ESMORE, Hubert Charles (1876-1951)

Modified on Wed, 26 Oct 2016 13:18 by Con — Categorized as: Biography - All, Biography - Students, Geelong College, Biography of War - Anglo-South African, Biography of War - World War I

ESMORE, Hubert Charles (1876-1951)

Hubert Charles Esmore was born at Emerald, Victoria, in 1876, the son of Francis James Esmore and Grace nee Fridgins.

He is reputed to have been educated at Geelong College. He is not, however, recorded in the College Enrolment Register nor on the World War I memorial tablet. He does not appear in any of the prize lists. He served for fifteen months with the Victorian Contingent during the Anglo-South African War.

He was working as a farm hand when he enlisted, (No 2337) aged 39, in the AIF as a Private on 23 September 1914, in the 1st Reinforcement Group to 6 Battalion. He embarked on HMAT A32 Themistocles on 22 December 1914, and served on Gallipoli, where he suffered a gunshot wound to the shoulder on 25 May. He was evacuated, suffering rheumatism, to Australian Auxiliary Hospital, Luna Park, Heliopolis.

He then embarked for France with his battalion, and was present when his younger compatriot from school days, Lt Elgar Watts Opie, was killed in the huge German bombardment on 4 October 1917, submitting a report of the circumstances of Opie’s death to the Red Cross Information Bureau. He then suffered the effects of a gas attack on 26 March 1918, being evacuated to England on HS Pieter de Conick. On 7 May 1918 he married Margaret Eleanor Quinnell, of Oakfield Road, Penge, Kent, in the Registry Office, Croydon. His wife, however did not follow him to Australia and the couple had no children. Neither ever re-married. Esmore returned to Australia on HMT Medic, embarking on 24 August 1918.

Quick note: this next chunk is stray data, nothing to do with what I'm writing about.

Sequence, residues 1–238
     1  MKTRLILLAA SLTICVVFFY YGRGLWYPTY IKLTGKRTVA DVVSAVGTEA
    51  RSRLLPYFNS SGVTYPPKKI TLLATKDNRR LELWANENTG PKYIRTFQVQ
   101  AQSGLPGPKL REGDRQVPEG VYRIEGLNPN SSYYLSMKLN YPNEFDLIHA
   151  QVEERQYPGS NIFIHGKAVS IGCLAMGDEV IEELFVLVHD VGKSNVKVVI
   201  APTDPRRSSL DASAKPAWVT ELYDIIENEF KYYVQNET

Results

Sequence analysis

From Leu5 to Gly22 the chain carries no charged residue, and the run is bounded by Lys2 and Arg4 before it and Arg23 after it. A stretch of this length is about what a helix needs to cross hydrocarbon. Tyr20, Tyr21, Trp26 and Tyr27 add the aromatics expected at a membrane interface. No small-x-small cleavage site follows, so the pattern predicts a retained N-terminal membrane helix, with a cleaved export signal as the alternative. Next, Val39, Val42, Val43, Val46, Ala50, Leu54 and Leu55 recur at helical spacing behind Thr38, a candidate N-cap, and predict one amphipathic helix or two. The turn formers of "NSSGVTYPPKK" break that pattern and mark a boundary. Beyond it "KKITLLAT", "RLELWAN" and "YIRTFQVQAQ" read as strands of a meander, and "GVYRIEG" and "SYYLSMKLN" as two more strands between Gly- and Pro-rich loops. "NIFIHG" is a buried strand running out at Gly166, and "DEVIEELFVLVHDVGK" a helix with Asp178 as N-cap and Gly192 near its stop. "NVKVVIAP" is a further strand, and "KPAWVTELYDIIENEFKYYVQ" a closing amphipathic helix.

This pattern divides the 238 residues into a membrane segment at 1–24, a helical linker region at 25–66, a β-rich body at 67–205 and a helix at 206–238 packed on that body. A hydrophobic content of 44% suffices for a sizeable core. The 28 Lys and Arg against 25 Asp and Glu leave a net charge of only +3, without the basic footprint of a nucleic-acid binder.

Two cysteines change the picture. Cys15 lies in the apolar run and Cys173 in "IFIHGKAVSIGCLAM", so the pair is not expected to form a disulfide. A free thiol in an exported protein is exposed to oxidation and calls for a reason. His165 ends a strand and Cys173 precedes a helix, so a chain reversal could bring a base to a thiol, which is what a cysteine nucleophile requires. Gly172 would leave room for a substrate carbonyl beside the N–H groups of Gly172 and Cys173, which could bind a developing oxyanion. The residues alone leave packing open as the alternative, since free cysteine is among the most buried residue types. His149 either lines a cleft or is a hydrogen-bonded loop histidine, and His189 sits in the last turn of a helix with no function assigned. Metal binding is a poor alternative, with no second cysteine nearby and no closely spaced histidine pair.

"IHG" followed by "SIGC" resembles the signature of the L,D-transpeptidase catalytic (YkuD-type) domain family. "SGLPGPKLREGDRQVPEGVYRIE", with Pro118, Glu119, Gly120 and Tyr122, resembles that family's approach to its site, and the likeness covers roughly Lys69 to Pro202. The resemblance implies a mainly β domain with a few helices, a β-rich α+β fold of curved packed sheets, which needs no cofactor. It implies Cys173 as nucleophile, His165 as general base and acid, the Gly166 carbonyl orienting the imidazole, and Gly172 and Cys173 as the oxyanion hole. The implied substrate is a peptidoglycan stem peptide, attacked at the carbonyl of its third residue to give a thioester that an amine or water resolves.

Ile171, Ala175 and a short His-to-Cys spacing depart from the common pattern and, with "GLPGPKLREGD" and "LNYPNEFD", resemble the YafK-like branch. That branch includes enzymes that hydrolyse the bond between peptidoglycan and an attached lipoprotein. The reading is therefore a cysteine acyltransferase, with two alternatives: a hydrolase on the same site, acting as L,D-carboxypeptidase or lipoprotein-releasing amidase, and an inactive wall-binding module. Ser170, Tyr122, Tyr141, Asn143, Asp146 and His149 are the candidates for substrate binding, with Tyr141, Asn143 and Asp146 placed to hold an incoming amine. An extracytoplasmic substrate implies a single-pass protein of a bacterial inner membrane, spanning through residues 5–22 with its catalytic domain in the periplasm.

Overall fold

(The 6th Battalion’s first major action in France was at Pozières in the Somme valley in July 1916. After Pozières the battalion fought near Ypres, in Flanders, returning to the Somme for winter. In 1917, the battalion participated in the operations that followed up the German withdrawal to the Hindenburg Line, and then returned to Belgium to join the great offensive launched to the east of Ypres. During the Battle of Menin Road in September 1917, Lt Frederick Birks earned the 6th Battalion’s only Victoria Cross. Birks was killed by a shell burst the next day while trying to rescue men buried during a bombardment.)

Esmore died on 18 April 1951.

Sources: Based on an edited extract from Geelong Collegians at the Great War compiled by James Affleck. p187 (citing Pegasus; Australian War Memorial; National Archives).